NI Events Company: Board members disqualified from being directors

By Julian O'Neill
BBC News NI Business Correspondent

Image source, Pacemaker
Image caption,
The company was behind events such as Elton John's 1998 concert at Stormont

The individuals, who served on the board of the Northern Ireland Events Company, have pledged not to act as company directors for up to nine years.

In a statement, some of them said they agreed to the outcome "reluctantly".

The department said "misconduct" by board members "was not disputed".

But the individual board members claimed they were being made scapegoats for "the failings of government", who set up the quango.

Image caption,
In 2015, Mervyn Elder told a Stormont committee that this had been "a cloud over my private and public life"

Mervyn Elder, former chair of the board, accepted disqualification undertakings for nine years and the others for five years.

The Northern Ireland Events Company was established by Stormont. Its role was to promote sports events and music concerts. It folded in 2007, leaving the taxpayer to settle its £1.6m debt.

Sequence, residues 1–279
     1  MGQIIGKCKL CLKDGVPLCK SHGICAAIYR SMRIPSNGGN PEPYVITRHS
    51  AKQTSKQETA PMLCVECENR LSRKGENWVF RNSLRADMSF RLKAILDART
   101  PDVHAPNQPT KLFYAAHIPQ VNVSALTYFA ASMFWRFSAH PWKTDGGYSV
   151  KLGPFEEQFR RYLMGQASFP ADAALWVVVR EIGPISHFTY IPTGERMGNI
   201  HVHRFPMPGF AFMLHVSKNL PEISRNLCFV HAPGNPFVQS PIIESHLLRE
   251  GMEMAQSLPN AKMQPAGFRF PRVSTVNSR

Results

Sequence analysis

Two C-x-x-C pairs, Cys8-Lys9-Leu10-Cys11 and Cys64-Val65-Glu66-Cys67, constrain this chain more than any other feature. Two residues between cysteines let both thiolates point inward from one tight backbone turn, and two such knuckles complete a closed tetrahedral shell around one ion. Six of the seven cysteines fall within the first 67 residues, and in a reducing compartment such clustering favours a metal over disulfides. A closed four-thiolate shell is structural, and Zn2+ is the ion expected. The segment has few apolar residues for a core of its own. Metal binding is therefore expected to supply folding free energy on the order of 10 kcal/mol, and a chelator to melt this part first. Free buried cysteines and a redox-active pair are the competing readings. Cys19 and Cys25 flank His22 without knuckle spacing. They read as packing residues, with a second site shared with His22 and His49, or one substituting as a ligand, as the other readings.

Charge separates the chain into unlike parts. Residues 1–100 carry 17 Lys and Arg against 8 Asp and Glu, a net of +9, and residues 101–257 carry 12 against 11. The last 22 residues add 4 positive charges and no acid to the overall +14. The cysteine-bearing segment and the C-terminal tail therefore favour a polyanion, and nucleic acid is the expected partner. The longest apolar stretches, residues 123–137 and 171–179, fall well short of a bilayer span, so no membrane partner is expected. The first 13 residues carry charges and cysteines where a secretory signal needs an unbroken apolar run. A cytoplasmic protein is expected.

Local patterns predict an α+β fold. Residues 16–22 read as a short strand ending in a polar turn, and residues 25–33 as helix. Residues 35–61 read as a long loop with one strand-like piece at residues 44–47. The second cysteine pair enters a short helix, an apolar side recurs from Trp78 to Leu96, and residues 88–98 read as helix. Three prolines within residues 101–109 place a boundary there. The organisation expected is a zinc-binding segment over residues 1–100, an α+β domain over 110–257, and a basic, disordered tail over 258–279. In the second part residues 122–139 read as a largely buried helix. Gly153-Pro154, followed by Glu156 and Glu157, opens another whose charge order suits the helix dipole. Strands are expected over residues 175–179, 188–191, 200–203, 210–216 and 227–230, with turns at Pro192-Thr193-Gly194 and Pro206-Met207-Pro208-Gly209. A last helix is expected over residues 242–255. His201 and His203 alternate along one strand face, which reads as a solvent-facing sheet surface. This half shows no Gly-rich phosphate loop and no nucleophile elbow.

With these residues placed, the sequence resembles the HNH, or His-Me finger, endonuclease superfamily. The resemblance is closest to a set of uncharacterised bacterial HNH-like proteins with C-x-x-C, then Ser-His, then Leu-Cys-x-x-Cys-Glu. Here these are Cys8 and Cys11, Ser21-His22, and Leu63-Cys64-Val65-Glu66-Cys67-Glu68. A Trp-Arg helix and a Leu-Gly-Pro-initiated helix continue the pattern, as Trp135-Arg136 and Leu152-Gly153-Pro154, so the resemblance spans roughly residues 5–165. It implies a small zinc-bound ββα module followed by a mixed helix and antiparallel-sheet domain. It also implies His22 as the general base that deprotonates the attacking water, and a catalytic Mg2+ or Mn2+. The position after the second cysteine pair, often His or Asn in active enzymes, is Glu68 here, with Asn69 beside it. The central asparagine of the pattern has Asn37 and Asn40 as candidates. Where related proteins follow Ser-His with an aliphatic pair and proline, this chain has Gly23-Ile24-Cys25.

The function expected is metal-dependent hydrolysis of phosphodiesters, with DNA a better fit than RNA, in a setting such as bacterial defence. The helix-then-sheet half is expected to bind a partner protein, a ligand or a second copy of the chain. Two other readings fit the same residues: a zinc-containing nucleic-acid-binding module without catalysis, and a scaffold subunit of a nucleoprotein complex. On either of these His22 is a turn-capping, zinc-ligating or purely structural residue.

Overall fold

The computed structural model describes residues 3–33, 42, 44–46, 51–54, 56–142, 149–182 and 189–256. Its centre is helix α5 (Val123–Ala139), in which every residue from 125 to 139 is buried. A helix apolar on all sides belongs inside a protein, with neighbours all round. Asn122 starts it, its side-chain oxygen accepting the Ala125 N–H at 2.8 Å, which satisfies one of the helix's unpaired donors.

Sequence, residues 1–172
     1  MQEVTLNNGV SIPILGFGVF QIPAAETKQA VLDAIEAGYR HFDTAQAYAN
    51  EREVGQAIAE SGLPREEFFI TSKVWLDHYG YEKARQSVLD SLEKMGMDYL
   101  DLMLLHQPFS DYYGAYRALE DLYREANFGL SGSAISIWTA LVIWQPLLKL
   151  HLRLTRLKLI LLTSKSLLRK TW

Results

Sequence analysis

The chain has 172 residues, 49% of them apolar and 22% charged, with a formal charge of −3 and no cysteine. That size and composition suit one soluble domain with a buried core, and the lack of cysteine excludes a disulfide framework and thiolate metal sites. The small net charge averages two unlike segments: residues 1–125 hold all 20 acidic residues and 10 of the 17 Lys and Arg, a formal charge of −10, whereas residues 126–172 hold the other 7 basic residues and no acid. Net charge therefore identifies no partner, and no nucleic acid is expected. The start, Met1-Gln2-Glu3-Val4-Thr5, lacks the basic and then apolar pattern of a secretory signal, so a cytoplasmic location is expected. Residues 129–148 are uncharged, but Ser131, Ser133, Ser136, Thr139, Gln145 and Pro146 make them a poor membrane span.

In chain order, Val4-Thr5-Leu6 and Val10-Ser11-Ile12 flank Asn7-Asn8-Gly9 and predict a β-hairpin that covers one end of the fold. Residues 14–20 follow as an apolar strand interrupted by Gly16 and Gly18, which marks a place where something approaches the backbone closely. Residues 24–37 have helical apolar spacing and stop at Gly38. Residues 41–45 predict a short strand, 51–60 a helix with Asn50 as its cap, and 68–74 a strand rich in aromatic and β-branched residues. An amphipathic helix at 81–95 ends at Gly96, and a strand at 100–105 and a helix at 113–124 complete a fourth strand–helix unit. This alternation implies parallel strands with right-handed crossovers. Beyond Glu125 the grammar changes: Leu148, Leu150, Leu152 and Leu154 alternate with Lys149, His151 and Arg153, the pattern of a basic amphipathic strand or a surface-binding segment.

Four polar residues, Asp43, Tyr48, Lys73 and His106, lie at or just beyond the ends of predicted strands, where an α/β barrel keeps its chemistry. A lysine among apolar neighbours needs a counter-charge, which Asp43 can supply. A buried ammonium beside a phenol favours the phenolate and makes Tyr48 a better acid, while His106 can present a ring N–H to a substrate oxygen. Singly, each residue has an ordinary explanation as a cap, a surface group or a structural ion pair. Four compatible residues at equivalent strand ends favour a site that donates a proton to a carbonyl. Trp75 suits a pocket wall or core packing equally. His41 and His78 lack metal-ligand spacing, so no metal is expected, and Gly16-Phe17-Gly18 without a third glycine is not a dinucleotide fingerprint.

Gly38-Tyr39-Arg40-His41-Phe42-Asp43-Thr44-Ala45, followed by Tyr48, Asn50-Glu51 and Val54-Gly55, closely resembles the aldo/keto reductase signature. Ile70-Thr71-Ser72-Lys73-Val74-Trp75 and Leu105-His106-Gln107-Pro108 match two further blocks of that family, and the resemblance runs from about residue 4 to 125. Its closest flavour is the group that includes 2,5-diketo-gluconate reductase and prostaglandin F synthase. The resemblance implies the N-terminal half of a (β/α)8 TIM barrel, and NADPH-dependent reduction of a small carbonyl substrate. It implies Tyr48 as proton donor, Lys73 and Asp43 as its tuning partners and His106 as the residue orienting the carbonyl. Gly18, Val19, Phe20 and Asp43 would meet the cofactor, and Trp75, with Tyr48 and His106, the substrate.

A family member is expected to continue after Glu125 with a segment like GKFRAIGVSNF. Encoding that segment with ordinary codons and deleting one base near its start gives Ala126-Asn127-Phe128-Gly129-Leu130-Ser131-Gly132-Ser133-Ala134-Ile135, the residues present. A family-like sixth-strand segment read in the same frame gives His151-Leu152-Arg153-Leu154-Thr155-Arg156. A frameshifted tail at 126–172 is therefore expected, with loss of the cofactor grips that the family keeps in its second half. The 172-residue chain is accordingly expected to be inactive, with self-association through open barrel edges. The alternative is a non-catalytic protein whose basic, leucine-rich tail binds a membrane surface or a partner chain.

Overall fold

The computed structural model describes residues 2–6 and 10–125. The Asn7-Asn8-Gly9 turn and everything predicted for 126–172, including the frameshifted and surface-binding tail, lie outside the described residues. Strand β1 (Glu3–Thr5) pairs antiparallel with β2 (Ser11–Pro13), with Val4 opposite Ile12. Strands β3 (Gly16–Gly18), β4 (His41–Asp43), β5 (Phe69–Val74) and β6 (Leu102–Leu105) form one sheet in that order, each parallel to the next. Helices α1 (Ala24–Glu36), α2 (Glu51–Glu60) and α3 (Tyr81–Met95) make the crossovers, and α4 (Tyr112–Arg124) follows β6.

Following its collapse, a six-year investigation costing £1.2m led to disqualification proceedings against board members and former senior executives.

Image caption,
The NIEC was created to boost Northern Ireland's image

The former board members are: Mr Elder, Gerry Lennon, Jim Rodgers, James Clarke, Alan Clarke, Paul McWilliams, Bill White, Aideen Corr, Victor Haslett and Catherine Williamson.

In a joint statement from six of them, they pointed out that no civil servant had "been sanctioned for the failures in oversight of the NIEC".

It went on: "The sorry mess is a warning to anyone accepting an appointment to the board of a publicly sponsored company that they run the risk of being scapegoats for the failings of government in similar circumstances."

Image caption,
Janice McAleese resigned several months before the Northern Ireland Events Company collapsed in 2007

The board, the former chief executive Janice McAleese, and the former Department of Culture, Arts and Leisure have all been criticised for failings in several official reports into the affair.

Her successor, Jasper Perry, received an eight-year disqualification.